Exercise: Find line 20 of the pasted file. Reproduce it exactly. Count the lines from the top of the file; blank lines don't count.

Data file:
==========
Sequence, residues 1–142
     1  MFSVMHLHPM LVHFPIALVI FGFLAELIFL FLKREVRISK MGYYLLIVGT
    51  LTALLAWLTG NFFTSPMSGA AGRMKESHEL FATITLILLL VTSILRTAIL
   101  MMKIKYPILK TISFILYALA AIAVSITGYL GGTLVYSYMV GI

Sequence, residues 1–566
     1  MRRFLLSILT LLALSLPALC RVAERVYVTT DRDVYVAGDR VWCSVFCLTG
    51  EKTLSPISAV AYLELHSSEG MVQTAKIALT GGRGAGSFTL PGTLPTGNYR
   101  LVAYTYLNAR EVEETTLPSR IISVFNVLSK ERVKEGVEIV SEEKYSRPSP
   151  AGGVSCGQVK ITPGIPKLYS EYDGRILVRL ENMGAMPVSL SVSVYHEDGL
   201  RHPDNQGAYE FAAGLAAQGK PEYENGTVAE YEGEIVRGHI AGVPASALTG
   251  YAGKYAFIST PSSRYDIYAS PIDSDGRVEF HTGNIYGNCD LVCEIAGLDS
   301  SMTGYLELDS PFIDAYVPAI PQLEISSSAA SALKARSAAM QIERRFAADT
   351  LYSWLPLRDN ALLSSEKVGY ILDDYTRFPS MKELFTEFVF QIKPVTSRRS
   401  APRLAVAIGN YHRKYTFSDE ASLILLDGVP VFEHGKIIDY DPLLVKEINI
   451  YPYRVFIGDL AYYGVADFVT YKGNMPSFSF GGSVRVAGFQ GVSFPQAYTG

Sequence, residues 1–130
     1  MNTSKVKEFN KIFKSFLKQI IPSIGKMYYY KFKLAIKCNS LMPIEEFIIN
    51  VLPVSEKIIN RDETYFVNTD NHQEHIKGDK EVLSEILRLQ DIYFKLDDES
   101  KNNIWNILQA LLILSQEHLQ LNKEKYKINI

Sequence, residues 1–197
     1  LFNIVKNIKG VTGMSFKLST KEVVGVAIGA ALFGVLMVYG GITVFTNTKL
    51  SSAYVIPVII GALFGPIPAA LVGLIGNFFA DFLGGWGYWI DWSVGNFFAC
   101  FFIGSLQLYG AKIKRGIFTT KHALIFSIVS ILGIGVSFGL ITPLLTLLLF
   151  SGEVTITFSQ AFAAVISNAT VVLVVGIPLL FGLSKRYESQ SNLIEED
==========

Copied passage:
Sequence, residues 1–197